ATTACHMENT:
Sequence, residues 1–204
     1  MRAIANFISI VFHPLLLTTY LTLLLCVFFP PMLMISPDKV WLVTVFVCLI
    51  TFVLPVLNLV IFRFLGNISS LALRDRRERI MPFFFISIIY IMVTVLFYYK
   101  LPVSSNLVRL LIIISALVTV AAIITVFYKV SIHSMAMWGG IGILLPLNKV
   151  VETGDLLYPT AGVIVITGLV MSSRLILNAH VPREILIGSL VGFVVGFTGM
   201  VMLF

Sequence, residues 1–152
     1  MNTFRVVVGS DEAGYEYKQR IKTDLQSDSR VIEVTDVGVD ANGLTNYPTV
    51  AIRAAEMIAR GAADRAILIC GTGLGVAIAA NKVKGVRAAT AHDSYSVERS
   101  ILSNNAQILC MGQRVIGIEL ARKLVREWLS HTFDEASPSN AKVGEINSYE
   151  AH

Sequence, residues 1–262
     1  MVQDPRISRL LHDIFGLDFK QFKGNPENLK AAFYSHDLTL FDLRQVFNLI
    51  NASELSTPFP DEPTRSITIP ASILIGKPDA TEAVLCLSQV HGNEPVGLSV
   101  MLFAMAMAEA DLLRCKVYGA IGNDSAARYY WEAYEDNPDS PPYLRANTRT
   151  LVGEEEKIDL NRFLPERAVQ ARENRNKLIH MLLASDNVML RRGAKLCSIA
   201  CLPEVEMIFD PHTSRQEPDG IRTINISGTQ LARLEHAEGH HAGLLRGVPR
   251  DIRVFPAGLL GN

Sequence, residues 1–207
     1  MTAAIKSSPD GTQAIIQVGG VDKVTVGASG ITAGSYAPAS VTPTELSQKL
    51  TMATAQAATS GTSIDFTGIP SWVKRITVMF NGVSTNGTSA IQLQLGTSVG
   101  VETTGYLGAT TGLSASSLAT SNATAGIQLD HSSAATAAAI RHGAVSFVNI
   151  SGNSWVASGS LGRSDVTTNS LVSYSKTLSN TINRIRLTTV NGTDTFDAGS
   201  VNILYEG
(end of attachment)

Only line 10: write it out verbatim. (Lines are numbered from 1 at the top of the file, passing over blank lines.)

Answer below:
   101  ILSNNAQILC MGQRVIGIEL ARKLVREWLS HTFDEASPSN AKVGEINSYE